Surviving the Dangers of Domestic Life in a COVID World
By Martha Michael
If you’re a typical American, your pre-pandemic week looked a little like this: Dropping your kids at school, working about 44 hours plus four more hours on the road, catching some TV sports on weekends, and doing a little housework. But once the stay-at-home orders were put in place, your life acquired a pace of a different proportion.
While some changes to your routine may have had a positive effect on your health, others may have increased your chance of illness or injury. If you’re a less active individual whose daughters began dragging you into twice-daily fitness workouts or if you’re suddenly tackling home improvement projects that are better left for the pros, you may regret it in the long run. Take stock of any drastic changes in your lifestyle to be sure you aren’t opening yourself up to harm.
Home Sweat Home
If your coronavirus housemates are hardcore fitness fanatics, you could be one of the many adults who hasn’t stopped perspiring since the middle of March. Many popular gyms started streaming fitness classes for free as a service to Americans who became housebound when the coronavirus outbreak began. CBS News posted an article about the surprising number of companies that offered free online fitness in the first few months of the shelter-in-place period, with options to continue following the no-cost introduction.
Orangetheory set up half-hour workouts with their most popular coaches to help alleviate stress. Gold’s Gym offered more than 600 audio and video workouts for free. Planet Fitness used Facebook to stream “Work-Ins” every evening, where trainers and occasional celebrity guests led 20-minute workouts for free. And bike or no bike, new users of the Peloton app got to download cardio and strength training exercises for free.
If you haven’t connected the dots between the rapid and exaggerated jump from couch potato to champion bodybuilder and the onslaught of your increasingly sore joints or back problems, consider the possibility of a connection. Check with your chiropractor to get an assessment. You may be advised to step away from the extreme exercise for a while but the earlier you get it treated the sooner you can get back on the mat.
The more time you spend at home, the better the chance you’ll spot a spate of leaky faucets, flooring flaws, and deteriorating paint jobs. It’s the likeliest reason why hardware stores, home centers, and building materials suppliers saw a year-over-year increase of 22.6 percent during the last six months, according to the U.S. Census Bureau. An article by Business Wire says that 57 percent of homeowners began home improvement projects in the first three months of the pandemic.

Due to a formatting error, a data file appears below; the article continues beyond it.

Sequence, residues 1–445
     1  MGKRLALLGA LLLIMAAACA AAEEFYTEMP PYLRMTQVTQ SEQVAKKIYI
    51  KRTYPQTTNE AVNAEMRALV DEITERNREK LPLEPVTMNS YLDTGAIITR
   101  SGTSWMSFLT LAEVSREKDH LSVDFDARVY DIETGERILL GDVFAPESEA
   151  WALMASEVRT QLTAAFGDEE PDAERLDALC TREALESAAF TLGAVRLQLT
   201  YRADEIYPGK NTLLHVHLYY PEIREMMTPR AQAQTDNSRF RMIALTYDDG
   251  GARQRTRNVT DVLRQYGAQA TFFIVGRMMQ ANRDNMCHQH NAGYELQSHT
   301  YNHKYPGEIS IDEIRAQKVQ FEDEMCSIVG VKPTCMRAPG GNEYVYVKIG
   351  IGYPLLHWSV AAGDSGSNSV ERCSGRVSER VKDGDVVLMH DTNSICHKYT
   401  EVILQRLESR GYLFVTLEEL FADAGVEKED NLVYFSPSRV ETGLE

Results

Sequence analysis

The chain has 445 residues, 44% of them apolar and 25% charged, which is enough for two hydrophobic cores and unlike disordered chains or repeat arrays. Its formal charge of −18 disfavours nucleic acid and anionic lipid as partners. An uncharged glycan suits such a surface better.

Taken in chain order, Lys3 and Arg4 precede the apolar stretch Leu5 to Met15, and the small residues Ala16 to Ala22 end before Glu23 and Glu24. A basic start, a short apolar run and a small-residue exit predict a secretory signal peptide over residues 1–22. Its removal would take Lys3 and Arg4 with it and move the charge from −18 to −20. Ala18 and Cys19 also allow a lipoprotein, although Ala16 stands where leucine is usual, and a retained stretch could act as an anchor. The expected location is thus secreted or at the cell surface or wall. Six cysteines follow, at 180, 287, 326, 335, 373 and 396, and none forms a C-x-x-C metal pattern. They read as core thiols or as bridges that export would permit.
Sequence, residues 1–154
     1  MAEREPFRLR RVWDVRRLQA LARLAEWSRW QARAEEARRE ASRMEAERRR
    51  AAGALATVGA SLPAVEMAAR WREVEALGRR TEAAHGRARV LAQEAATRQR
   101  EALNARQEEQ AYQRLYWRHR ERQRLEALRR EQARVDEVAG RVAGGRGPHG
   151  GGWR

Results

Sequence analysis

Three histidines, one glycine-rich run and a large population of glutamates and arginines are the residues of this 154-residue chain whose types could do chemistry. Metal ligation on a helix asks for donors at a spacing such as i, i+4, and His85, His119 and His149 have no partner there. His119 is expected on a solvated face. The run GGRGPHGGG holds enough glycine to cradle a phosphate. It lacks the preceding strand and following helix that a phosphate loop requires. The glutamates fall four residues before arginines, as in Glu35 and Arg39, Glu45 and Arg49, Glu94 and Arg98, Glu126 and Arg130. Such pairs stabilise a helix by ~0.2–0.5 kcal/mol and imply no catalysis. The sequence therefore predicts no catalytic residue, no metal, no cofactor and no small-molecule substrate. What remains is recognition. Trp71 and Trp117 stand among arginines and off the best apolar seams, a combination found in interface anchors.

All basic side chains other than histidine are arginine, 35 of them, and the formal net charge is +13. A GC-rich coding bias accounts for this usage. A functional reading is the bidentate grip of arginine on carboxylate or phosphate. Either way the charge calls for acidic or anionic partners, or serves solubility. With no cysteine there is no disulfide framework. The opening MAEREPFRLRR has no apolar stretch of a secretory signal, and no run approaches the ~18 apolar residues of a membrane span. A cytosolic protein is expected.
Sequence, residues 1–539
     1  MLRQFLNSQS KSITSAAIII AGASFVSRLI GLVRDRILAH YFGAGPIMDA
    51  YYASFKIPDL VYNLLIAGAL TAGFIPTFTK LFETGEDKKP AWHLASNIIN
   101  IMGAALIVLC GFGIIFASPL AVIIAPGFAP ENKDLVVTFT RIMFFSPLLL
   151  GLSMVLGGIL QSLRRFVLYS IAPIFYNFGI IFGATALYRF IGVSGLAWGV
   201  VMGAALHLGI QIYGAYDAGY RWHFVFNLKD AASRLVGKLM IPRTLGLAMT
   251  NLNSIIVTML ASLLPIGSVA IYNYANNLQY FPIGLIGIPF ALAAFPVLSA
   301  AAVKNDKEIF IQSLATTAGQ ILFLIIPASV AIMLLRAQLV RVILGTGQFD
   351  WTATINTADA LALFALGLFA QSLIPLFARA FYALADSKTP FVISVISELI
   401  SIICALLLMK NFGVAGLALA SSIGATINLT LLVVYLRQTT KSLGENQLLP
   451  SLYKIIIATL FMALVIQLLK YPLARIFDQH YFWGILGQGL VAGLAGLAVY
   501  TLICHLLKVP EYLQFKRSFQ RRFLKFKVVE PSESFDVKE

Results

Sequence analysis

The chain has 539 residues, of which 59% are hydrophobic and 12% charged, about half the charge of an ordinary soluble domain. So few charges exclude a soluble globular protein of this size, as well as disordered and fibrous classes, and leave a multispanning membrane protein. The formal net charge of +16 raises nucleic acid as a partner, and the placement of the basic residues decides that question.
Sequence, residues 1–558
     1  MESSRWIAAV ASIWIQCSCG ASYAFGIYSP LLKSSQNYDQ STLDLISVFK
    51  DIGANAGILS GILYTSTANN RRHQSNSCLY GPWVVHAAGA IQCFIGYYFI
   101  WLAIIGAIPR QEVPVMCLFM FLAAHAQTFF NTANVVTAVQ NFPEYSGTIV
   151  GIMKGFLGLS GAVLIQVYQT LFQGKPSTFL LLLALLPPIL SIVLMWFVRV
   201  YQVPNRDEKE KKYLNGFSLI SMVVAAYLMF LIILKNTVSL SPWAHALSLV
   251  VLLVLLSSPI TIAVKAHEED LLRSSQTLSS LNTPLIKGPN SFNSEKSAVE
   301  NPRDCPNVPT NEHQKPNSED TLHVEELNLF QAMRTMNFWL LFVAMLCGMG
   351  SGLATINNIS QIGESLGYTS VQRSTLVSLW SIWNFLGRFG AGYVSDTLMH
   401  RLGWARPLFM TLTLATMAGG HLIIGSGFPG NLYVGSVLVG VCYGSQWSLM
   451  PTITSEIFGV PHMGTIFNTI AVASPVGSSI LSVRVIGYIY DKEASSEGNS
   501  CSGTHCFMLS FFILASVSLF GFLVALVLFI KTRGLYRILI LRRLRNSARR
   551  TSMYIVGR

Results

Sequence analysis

But inexperienced homeowners who launch a full-blown remodeling project are setting themselves up for a number of possible dangers. An article by Realtor.com says you’re better off letting a contractor do the heavy lifting when it involves electrical work, mold, or paint fumes. Injuries from remodeling can occur due to mishaps or exposure to chemicals such as lead-based paint.
Inhaling fumes from volatile organic compounds, or VOCs, is hazardous to your lungs. They are gases found in carpeting, some paint products, and upholstering materials.
When flooding affects gas or electrical lines it’s a recipe for disaster. If you insist on a DIY project, call 811 to reach a service operator who can inform you about the location of underground utility lines.
Even your hearing can take a hit because power tools are loud. “Noise damage is cumulative and presents with a delayed reaction,” says Bryan Pollard, president of Hyperacusis Research, a Hearing Health partner. “And the longer someone is exposed, the higher the risk.”
While it’s typical for Americans to see the dangers of long-term commuting or working too hard, it’s easy to miss some of the risks involved in ordinary life. The pandemic shifted you away from your usual stomping ground, but it’s good to realize that the home field doesn’t always give you the advantage. Some of your risks have probably gone up, but a little awareness can make home sweet again.
The information, including but not limited to, text, graphics, images and other material contained on this page are for informational purposes only. The purpose of this post is to promote broad consumer understanding and knowledge of various health topics, including but not limited to the benefits of chiropractic care, exercise and nutrition. It is not intended to provide or be a substitute for professional medical advice, diagnosis or treatment. Always seek the advice of your chiropractor, physician or other qualified health care provider with any questions you may have regarding a medical condition or treatment and before undertaking a new health care regimen, and never disregard professional medical advice or delay in seeking it because of something you have read on this page.